After Living American Dream, UM Alumnus Knows "Education is the Key"
For the first seven years of his life, Charles Moore lived in a home with no electricity on a dirt road near Blytheville, Ark. As he matured, Charles made three goals for his life: to marry a nice young woman, to see the turn of the century and to do well financially. The 1947 University of Mississippi graduate has realized all three, and he and his wife, Sarah, are now giving back by committing $1.8 million to his alma mater for general faculty support.
"Growing up on that dirt road during the Depression years of the '30s has made me realize that I have lived an abbreviated version of the American dream," says Charles, a retired farmer, state legislator and civic leader. "Education is the key to life, the key to success. I've been rather successful, and I wanted to put some of my resources to good use. Naturally, I thought of Ole Miss, a place I love."
Investing in the Future of UM
The Charles R. Moore Faculty Support Endowment was created with a planned gift, which will provide funds in perpetuity for the recruitment and retention of outstanding faculty members. The gift is part of UM's Barnard Initiative, which has a goal of adding $100 million in endowed funds for faculty support. The initiative comes in response to the stiff competition that exists among leading universities for gifted faculty members and to the decrease in higher education support at the state level.
UM Chancellor Dan Jones expressed appreciation for the Moores' gift, which will provide funds for salary supplements, research and creative activity support, and other support deemed appropriate by the provost and vice chancellor for academic affairs.
"Charles and Sarah Moore's extremely generous gift reflects their great love for the University of Mississippi and their concern for young people," the chancellor says. "Their investment in our faculty will directly impact students by assuring they are taught and mentored by outstanding scholars. The Moores have made an investment that will have a far-reaching impact-one that will help ensure quality teaching, research and service will be available for generations of Ole Miss students. They have made a significant investment in the future, and we deeply appreciate their vision and also their trust in our stewardship."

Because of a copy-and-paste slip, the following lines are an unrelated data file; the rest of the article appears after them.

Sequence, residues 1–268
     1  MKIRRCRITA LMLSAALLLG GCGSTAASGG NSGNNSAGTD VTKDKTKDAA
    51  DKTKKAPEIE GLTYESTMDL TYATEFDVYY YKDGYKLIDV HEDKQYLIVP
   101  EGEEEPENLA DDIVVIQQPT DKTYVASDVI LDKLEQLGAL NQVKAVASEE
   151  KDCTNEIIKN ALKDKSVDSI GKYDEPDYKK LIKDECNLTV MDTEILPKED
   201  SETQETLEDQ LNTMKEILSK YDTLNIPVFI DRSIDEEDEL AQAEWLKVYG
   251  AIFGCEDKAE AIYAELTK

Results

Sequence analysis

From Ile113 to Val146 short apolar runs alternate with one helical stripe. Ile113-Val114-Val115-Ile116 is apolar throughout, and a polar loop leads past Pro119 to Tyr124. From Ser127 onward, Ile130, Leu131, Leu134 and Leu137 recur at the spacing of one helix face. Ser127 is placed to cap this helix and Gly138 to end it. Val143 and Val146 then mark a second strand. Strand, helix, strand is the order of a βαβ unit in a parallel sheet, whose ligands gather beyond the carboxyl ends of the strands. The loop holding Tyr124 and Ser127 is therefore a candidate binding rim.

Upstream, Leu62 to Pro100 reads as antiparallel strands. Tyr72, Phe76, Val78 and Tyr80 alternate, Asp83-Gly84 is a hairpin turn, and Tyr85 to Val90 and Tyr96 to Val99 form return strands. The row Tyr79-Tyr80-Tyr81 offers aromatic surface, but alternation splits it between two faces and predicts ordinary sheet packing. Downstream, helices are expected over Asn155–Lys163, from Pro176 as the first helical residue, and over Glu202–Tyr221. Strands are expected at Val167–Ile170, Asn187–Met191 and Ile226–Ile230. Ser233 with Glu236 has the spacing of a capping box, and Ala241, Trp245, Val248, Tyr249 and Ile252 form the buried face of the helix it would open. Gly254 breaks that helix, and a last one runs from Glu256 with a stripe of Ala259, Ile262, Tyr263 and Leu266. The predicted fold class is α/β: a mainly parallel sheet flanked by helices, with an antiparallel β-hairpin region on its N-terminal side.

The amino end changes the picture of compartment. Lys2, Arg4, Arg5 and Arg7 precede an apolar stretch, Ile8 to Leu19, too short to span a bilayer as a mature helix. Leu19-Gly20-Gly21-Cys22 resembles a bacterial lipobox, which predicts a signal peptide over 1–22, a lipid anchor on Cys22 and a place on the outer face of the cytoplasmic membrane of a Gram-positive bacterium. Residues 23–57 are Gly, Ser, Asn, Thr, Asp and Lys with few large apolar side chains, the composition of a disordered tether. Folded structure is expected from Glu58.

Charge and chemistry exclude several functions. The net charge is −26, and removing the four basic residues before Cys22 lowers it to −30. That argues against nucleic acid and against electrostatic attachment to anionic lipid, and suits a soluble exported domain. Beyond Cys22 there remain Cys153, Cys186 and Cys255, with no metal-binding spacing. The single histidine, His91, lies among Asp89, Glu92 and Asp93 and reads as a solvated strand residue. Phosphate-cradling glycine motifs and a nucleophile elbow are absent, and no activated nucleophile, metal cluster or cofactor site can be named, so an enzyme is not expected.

A Life Dedicated to Learning and Service
Charles, the only living child of Mississippi natives Walter Ross Moore and Elizabeth Earle Evans Moore, skipped grades during his early school years due to high marks in math. He was only 16 years old when his parents sent him to Ole Miss in 1941.
"I enjoyed my years at Ole Miss," Charles says. "Like any freshman, I liked the freedom of being on my own for the first time in my life."
World War II interrupted his college years, and when Charles was drafted into military service, he entered the U.S. Air Force as a cadet in 1943. Medical reasons sent him to Gulfport Field and later to Keesler Field, both in Mississippi. He was on assignment to go to the South Pacific when Japan surrendered, and he was discharged as a corporal in 1946.
Charles returned to Ole Miss, graduating in August 1947 with a Bachelor of Arts in psychology. He made his home back in Blytheville, where he served as a personnel counselor for a utility company and became active in community affairs and served in leadership roles of civic organizations. Charles was named "Outstanding Young Man of Blytheville" in 1952.
When his father passed away that same year, Charles left the utility company to take over his family's farming operations, which included growing cotton, soybeans and rice.
In 1954, he married Sarah Langston Sartain, a University of Arkansas graduate. Charles was elected president of the Mississippi County Farm Bureau in 1963. Six years later, the Moores received the distinction of Farm Family of the Year.
In addition to his success with farming, Charles earned an appreciation for the challenges of appropriating state funding for education as he served 18 years in the Arkansas House of Representatives during a number of administrations, including that of President Bill Clinton. Charles provided leadership as co-chairman of the Arkansas Retirement Systems Committee and was later elected to the Mississippi County Quorum Court. He retired from farming in 1988, although he continues to lease his land to other farmers.
Sarah and Charles have two grown children: Ross Moore, a graduate of Arkansas State University, who with wife, Susan, has one son, Zachary, a UA student. The Moores' daughter, Laura, a UA graduate and Phi Beta Kappa member, lives in Blytheville.
"It has been an absolute joy to work with Charles and Sarah Moore," says Sandra Guest, vice president of the University of Mississippi Foundation. "They were immediately receptive to our priority of making certain having exceptional professors to teach our students continues as a hallmark of Ole Miss. They are generous individuals who want to extend great opportunities to others."
The couple's planned gift gives them membership in the 1848 Society, named for the year the university opened the Lyceum's doors to its first students. The society recognizes generous donors who thoughtfully provide for the university through planned and deferred gifts.
For more information on how you can support Ole Miss with a planned gift, please call the UM Foundation at (800) 340-9542 or (662) 915-5944.